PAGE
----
12 Killers of Good Leadership

Leaders are learners. In fact, we should never think we’ve arrived. Always be teachable. Always grow. Along the way, there are certain qualities that can kill good leadership. A number of years ago I came upon a list compiled by Ron Edmonson which he called the “wrecking balls of potential.” If we fail to address these areas, they can prove to be fatal.


Here’s Ron’s list of leadership killers. I personally think they make a list for reflection and evaluation of our own actions and attitudes.

  1. Defensiveness – Good leaders don’t wear their feelings on their shoulders. They know other’s opinions matter and aren’t afraid to be challenged. They are confident enough to absorb the wounds intended to help them grow.
  2. Jealousy – A good leader enjoys watching others on the team excel — even willing to help them.
  3. Revenge – The leader that succeeds for the long-term must be forgiving; graceful — knowing that “getting even” only comes back to harm them and the organization.
  4. Fearfulness – A good leader remains committed when no one else is and takes risks no one else will. Others will follow. It is what leaders do.
  5. Favoritism – Good leaders don’t have favorites on the team. They reward for results, not partiality.
  6. Ungratefulness – Good leaders value people — genuinely — knowing they cannot attain success without others.
  7. Small-mindedness – Good leaders think bigger than today. They are dreamers and idea people.
  8. Pridefulness – Pride comes before the fall. Good leaders remain humbled by the position of authority entrusted to them.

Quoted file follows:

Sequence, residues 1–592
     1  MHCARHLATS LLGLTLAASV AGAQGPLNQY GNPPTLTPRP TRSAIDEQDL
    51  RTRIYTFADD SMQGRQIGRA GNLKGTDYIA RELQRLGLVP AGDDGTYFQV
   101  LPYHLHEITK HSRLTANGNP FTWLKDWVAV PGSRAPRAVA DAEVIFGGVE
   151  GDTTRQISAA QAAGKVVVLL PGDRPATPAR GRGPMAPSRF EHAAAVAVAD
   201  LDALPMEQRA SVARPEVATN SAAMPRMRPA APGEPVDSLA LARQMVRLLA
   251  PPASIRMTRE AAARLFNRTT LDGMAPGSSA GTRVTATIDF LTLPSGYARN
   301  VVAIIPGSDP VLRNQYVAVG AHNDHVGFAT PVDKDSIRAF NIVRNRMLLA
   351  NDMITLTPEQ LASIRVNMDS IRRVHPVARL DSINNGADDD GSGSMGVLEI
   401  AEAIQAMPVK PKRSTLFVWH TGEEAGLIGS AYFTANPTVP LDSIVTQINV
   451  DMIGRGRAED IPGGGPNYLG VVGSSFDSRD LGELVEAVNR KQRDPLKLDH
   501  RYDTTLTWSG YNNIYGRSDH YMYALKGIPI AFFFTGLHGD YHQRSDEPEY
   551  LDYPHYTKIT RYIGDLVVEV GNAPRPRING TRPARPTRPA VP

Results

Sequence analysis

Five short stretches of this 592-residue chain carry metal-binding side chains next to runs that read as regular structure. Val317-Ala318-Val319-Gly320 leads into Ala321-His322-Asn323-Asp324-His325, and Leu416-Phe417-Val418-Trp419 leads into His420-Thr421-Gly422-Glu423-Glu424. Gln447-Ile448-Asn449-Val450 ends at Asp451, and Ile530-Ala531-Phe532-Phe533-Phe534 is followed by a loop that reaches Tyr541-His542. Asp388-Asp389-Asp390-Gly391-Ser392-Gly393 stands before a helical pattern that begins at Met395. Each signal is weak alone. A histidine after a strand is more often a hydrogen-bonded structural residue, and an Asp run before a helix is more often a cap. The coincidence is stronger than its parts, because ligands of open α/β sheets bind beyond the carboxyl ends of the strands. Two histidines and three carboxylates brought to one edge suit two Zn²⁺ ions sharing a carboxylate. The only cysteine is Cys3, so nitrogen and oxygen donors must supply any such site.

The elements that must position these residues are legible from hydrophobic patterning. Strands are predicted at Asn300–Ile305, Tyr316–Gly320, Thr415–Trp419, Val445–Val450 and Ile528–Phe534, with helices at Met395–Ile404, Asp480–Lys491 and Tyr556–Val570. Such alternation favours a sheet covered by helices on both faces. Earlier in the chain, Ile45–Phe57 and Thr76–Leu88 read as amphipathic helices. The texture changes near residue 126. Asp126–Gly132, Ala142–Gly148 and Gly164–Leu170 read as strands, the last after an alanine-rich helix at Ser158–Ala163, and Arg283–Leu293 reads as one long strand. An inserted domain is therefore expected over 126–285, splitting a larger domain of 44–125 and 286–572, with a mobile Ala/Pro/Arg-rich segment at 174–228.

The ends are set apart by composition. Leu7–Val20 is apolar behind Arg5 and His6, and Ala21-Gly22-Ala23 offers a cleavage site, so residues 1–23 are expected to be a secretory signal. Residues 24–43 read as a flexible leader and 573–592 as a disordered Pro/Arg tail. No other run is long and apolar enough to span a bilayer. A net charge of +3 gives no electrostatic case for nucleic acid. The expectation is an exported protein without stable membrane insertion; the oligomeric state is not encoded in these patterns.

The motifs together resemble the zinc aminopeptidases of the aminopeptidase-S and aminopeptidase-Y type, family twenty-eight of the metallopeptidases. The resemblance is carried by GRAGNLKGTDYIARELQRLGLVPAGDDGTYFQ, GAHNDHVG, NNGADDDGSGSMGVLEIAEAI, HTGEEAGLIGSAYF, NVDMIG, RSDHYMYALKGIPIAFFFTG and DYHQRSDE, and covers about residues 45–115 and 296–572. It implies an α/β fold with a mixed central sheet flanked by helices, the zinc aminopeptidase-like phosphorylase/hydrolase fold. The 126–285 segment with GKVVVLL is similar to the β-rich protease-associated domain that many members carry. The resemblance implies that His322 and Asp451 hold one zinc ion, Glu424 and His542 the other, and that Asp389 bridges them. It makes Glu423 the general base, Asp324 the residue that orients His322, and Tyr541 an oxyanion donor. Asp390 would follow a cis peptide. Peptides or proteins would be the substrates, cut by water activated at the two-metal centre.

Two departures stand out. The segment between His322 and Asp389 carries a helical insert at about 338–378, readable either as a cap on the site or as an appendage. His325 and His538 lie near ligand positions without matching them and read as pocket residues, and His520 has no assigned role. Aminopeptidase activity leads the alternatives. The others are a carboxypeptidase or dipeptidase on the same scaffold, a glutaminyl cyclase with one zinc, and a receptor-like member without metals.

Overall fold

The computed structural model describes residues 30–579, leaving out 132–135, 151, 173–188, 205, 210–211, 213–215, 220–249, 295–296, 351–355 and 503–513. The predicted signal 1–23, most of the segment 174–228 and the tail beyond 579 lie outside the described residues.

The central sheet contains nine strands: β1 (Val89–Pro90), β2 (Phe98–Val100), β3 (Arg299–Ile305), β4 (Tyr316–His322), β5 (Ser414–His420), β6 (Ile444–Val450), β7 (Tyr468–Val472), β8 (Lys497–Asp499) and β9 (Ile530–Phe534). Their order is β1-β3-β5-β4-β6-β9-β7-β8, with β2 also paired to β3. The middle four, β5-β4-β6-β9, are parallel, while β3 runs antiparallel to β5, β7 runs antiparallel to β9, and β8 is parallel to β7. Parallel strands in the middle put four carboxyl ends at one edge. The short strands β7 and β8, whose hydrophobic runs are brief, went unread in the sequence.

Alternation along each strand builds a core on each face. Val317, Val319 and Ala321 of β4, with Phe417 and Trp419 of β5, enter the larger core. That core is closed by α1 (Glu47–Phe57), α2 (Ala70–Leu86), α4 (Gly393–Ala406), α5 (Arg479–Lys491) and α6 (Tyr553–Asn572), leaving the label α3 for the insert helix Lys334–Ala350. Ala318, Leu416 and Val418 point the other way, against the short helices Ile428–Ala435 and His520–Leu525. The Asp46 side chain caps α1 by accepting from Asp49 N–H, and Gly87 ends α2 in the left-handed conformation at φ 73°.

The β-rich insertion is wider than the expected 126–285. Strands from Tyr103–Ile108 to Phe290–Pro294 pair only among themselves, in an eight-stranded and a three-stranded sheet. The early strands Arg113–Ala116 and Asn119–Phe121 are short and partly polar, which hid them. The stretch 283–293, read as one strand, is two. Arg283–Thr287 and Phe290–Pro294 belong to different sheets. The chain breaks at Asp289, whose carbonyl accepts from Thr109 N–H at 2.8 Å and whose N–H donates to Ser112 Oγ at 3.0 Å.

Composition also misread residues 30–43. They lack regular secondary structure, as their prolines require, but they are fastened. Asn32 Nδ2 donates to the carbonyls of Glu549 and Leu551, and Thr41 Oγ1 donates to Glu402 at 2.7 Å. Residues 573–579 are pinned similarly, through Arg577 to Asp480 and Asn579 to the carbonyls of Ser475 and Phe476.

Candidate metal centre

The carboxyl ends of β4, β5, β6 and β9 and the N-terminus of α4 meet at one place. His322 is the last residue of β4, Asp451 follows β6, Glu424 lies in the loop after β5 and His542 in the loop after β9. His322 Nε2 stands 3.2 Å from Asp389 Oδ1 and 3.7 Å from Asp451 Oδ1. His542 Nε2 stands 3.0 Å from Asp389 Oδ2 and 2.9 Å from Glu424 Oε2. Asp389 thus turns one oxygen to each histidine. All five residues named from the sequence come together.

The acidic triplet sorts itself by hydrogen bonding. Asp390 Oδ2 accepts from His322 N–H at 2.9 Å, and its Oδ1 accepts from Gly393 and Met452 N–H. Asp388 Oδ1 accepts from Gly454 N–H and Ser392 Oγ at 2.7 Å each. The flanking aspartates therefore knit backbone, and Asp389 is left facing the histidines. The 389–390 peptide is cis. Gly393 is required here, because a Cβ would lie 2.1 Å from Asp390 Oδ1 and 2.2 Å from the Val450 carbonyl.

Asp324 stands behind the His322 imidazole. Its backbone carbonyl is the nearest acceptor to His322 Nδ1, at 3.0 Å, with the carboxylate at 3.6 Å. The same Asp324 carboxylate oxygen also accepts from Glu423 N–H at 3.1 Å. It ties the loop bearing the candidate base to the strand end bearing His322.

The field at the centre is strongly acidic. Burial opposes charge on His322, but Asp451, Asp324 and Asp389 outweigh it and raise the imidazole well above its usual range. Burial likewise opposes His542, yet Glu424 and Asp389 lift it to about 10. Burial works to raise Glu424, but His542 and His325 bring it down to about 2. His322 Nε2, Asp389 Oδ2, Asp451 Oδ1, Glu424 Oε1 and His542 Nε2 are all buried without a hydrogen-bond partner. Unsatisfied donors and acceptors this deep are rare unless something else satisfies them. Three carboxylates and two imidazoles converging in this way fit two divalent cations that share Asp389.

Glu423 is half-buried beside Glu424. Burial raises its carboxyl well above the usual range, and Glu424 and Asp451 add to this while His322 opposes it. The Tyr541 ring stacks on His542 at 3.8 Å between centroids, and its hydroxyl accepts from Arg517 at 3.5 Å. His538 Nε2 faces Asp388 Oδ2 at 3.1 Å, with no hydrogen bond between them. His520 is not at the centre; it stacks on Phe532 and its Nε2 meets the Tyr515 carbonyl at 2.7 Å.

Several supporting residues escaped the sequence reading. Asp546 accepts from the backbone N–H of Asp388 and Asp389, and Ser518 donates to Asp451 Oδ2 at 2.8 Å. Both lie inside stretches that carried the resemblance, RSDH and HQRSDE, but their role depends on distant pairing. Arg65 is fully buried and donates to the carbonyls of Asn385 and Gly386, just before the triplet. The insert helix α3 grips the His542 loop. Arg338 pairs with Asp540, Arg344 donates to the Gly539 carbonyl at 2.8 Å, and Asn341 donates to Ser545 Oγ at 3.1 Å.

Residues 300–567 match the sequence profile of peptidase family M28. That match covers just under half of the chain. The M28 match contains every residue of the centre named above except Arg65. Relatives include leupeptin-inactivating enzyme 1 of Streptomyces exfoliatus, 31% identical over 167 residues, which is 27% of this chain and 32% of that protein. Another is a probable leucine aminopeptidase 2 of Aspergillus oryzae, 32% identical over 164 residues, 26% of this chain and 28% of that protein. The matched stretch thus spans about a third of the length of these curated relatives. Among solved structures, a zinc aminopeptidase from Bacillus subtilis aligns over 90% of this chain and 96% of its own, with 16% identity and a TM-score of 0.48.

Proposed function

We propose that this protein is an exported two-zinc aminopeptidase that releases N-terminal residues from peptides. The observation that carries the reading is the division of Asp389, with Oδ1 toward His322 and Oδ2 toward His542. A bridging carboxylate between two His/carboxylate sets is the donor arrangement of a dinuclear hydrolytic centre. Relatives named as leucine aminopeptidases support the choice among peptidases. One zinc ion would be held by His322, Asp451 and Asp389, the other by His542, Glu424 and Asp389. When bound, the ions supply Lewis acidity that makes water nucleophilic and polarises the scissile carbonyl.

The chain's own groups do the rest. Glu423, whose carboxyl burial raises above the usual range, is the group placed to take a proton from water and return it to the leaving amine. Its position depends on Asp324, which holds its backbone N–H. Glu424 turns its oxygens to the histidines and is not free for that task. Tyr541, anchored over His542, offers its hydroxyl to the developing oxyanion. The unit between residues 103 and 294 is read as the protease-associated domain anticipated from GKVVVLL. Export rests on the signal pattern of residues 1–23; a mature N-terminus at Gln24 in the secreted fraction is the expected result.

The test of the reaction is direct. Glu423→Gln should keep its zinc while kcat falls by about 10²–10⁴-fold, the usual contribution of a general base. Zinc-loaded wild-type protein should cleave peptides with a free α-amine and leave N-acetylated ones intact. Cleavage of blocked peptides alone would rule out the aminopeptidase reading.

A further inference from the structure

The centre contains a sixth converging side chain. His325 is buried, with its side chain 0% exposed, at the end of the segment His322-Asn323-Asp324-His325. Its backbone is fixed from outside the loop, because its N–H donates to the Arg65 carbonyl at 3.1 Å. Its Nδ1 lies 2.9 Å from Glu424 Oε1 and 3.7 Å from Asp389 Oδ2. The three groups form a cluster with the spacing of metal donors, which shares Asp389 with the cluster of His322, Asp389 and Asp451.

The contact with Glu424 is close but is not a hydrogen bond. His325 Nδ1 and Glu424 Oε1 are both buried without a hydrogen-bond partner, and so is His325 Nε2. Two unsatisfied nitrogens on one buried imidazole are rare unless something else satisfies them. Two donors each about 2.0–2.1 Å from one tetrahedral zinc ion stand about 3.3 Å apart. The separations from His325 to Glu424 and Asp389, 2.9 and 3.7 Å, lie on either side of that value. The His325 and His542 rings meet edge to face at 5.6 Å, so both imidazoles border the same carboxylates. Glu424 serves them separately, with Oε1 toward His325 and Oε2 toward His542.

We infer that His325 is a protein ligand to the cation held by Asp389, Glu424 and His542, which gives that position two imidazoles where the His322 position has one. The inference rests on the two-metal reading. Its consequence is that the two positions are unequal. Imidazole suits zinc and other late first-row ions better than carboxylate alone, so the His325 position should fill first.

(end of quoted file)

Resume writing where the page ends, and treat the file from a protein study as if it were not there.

9. Rigidity – There are some things to be rigid about, such as values and vision, but for most issues, the leader must be open to change. Good leaders are welcome new ideas, realizing that most everything can be improved.
  10. Laziness – One can’t be a good leader and not be willing to work hard. In fact, the leader should be willing to be the hardest worker on the team.
  11. Unresponsiveness – Good leaders don’t lead from behind closed doors. They are responsive to the needs and desires of those they attempt to lead. They respond to concerns and questions. They collaborate more than control. Leaders who close themselves off from those they lead will limit the places where others will follow.
  12. Dishonesty – Since character counts highest, a good leader must be above reproach. When a leader fails, he or she must admit their mistake and work towards restoration.


So, which “killers” do you struggle with the most? What steps can you take to correct them? What would you add to Ron’s list?

One Comment Add yours

  1. Good list to review often and reflect on. Thank you.


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